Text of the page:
3) Difficulty in securing funding
It has been found that investors are more inclined to provide funding to a man rather than a female entrepreneur due to the stereotype that women are low risk-takers and hence would not be able to attain the desired success for their venture.
Nearly 79% of women-owned startups are self-financed, and even families do not support their daughters’ entrepreneurial dreams most of the time.
Entrepreneurship can bring a lot of flexibility and personal space to women, but with children, it can become a challenge to manage the roller-coaster life of setting up and running a business and managing its unpredictable challenges while providing complete assistance to their families at home.
Women do try to work their way around by trying to involve their parents for support or taking aid of nannies, but that arrangement has been observed to die a slow death as women tend to or are made to feel guilty about neglecting their responsibilities at home.
D) How can the Indian government boost the growth of women entrepreneurs and Indian startups in general?
- The government of India has come up with the Startup India Programme in the year 2016 for encouraging entrepreneurship in the country and boost employment. By empowering new businesses, we would have ever-increasing number jobs with increasing pay and also witness an exponential increase in discretionary flow.
- The I-MADE program under this activity means to enable Indian business visionaries to build one million versatile and innovative businesses.
- There is the Pradhan Mantri Mudra Yojana (MUDRA Banks) which aims to provide small-scale financial support and low-financing cost credits to visionaries hailing from a low financial background. At the end of this activity, the intensity and need of entrepreneurship would be realised and how is surge can help adolescents find more employment options.
- Startup India has its incubation centres spread across the nation. There is also a Startup India centre point which has been operational from April 2016 so people can get their queries resolved about incubation centres, financing, profit tax reductions and more.
- Notably, the centre point has resolved over 25,000 questions from new businesses on phone, mails and even Twitter.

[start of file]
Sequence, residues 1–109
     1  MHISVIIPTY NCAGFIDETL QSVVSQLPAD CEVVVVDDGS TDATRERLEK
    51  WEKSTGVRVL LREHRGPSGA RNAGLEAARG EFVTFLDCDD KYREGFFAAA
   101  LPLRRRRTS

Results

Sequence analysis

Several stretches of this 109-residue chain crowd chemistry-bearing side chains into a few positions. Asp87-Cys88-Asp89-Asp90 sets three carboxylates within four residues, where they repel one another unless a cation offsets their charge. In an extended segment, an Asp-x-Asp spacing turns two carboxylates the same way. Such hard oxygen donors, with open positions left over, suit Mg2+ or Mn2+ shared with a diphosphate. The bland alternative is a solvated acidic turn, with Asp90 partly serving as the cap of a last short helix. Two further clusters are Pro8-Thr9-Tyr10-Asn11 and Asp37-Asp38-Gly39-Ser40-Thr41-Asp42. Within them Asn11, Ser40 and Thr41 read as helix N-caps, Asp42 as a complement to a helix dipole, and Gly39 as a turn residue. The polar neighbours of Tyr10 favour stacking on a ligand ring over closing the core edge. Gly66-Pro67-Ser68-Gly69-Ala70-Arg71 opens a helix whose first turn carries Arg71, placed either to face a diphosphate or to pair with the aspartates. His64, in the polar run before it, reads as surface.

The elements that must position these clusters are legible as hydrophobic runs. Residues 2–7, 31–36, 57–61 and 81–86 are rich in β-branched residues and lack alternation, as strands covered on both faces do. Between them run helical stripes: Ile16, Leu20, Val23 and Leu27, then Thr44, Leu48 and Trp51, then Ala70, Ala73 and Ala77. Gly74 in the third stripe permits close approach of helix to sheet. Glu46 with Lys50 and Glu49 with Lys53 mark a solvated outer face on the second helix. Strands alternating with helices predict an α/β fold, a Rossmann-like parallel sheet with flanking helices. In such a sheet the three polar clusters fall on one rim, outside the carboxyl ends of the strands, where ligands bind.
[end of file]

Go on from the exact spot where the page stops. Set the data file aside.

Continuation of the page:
- Also, the ‘Reserve Bank of India’, has kept aside a reserve deposit of INR 10,000 crore for new companies under SIDBI (Small Industries Development Bank of India). This kind of financial support has been a noteworthy fascination for new companies.
- Even the exit of startups have been made easier – as per the Insolvency and Bankruptcy Code, 2016, a startup can shut everything down within 90 days of applying. The GST Bill has also improved the development rate of new and upcoming businesses, which are scaling up well with no unmanageable or unpredictable issues by far.
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Where women are concerned, the government will assist them so they can also excel in the field of entrepreneurship through online and offline programmes/courses for capacity building in women and facilitate and grant aid to them for legal, tax and financial matters.
Under the programme, women will get an opportunity to interact with venture capitalists and banks alike so the process of equity and debt can be more simple and accessible. Notably, the government had announced earmarking of Rs. 1000 crores out of FFS only for women-led/centric startups.
To sum it up, all of these developments should mean ‘ache din’ for the growth of women entrepreneurs. The change has already begun, only the acceleration needs to be seen through.
Women entrepreneurship is no longer taking a back seat because women are going all out now – they also want their leadership skills and the ability to create to be displayed before the world, and that they can crunch numbers just as fine as a man, who they are not even competing with.
They just want their part in this rollercoaster ride which also, in turn, would be a key step towards poverty alleviation and would be an attempt to eradicate gender bias and pay parity as well. You GO, women!